Unending Love/Tagore

“The story is about forgotten events and feelings unearthed from memory. …” from the photo exhibition “Dhaka: My Dreams, My Reality,”/Chobi Mela VI, 2011, Dhaka, Bangladesh. Reproduced here with kind permission. Photograph ©Debashish Shom.

I seem to have loved you in numberless forms, numberless times…

In life after life, in age after age, forever.

My spellbound heart has made and remade the necklace of songs,

That you take as a gift, wear round your neck in your many forms,

In life after life, in age after age, forever.

Whenever I hear old chronicles of love, it’s age old pain,

It’s ancient tale of being apart or together.

As I stare on and on into the past, in the end you emerge,

Clad in the light of a pole-star, piercing the darkness of time.

You become an image of what is remembered forever.

You and I have floated here on the stream that brings from the fount.

At the heart of time, love of one for another.

We have played along side millions of lovers,

Shared in the same shy sweetness of meeting,

the distressful tears of farewell,

Old love but in shapes that renew and renew forever.

Today it is heaped at your feet, it has found its end in you

The love of all man’s days both past and forever:

Universal joy, universal sorrow, universal life.

The memories of all loves merging with this one love of ours –

And the songs of every poet past and forever.

~Rabindranath Tagore

From Selected Poems, Translated by William Radice

5 thoughts on “Unending Love/Tagore

  1. It’s lovely. If Tagore translated his own poems from Bengali to English, why is this done by William Radice? Granted that Shakepeare is acted out in contemporary clothes, but whose translations have you been quoting? They are wonderful, whoever did the translation, because its the mind of the poet that matters.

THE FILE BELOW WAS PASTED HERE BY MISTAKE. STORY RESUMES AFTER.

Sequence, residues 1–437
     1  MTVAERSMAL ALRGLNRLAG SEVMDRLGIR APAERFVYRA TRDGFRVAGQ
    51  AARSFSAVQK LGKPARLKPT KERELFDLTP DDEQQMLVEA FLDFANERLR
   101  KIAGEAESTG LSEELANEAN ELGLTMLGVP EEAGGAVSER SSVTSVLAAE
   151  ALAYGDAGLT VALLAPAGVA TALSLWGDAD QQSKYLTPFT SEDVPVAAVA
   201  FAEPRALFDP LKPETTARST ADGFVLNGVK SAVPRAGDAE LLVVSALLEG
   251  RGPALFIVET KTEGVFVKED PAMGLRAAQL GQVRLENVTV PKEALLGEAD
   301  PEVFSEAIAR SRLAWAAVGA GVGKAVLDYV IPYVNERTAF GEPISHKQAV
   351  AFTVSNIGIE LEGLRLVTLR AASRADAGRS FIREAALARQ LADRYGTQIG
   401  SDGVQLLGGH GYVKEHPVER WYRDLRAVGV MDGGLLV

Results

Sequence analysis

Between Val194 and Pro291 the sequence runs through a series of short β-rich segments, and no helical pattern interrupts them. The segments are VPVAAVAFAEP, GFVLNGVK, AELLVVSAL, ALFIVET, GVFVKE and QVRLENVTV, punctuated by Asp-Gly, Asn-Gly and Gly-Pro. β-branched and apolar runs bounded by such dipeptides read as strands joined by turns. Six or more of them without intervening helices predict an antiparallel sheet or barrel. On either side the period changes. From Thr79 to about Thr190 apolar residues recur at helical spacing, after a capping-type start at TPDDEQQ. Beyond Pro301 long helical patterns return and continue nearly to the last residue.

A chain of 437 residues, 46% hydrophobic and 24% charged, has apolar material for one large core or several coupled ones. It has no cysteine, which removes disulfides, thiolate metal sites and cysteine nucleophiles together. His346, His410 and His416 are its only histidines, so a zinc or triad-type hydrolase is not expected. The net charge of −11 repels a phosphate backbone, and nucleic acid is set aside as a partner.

2. Tagore only translated a very small selection of his poetry and he didn’t necessarily make the best job of it because he lacked the skill and creativeness in English that he had in Bengali. His translations of Gitanjali, for instance, are in prose and reflect only inadequately the richness and beauty of the Bengali originals.
    William Radice is an English poet and, over decades of working on Tagore, has developed not only a deep sensibility for Tagore’s language but also techniques for transposing Tagore’s poetry into equally powerful English. William Radice has just published a new translation of Gitanjali (Penguin India) which far surpasses any other translation and will bring Tagore to life for non-Bengalis in a totally new way. We are very lucky to have such a translator.

  3. Thank you very much for your comment. I have only a small book of poems that says they are Tagore’s translations. Yes, we are in deed fortunate to have William Radice and I’ve enjoyed his translations like this one so much. However, my Bengali friends say no translation — even Tagore’s –for the reasons you mentioned –is good as the original. But for those of us who will never get up to speed on Bangla these will have to do. Appreciate your comment and will look out for the new book in Dhaka.

  4. Pingback: Painting my imagination with William Radice | Chuls Bits & Pics

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